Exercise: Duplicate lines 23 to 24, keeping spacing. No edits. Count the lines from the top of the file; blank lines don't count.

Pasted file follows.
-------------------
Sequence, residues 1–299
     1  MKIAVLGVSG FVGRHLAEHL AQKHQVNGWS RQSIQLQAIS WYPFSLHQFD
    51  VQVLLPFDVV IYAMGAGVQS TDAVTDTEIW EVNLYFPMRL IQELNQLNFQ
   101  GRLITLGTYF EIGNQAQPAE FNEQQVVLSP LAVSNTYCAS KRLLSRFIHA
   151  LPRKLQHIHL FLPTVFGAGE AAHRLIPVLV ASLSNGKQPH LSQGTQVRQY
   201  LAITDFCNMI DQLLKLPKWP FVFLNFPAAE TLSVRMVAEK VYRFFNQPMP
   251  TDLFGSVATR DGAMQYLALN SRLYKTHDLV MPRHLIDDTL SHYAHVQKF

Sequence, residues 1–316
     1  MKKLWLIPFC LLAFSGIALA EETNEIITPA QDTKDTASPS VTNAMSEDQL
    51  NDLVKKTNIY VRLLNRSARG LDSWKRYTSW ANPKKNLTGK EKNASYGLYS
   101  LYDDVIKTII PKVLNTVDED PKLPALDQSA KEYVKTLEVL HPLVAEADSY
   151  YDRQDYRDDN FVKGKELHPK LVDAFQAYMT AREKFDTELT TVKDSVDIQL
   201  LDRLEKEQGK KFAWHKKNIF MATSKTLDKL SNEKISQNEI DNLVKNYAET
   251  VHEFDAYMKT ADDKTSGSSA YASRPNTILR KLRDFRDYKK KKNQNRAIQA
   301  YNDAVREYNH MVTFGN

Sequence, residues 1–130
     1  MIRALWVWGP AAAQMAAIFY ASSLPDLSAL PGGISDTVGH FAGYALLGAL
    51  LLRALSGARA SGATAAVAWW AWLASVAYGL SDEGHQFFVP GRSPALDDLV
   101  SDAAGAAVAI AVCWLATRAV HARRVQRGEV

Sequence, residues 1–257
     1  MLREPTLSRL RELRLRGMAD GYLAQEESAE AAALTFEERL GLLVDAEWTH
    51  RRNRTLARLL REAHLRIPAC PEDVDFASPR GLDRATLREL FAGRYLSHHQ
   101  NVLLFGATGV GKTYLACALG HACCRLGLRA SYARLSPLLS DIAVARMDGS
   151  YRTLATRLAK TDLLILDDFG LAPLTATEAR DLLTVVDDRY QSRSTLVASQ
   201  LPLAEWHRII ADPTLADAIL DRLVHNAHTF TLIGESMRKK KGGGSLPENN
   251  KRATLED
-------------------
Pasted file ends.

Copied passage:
   101  NVLLFGATGV GKTYLACALG HACCRLGLRA SYARLSPLLS DIAVARMDGS
   151  YRTLATRLAK TDLLILDDFG LAPLTATEAR DLLTVVDDRY QSRSTLVASQ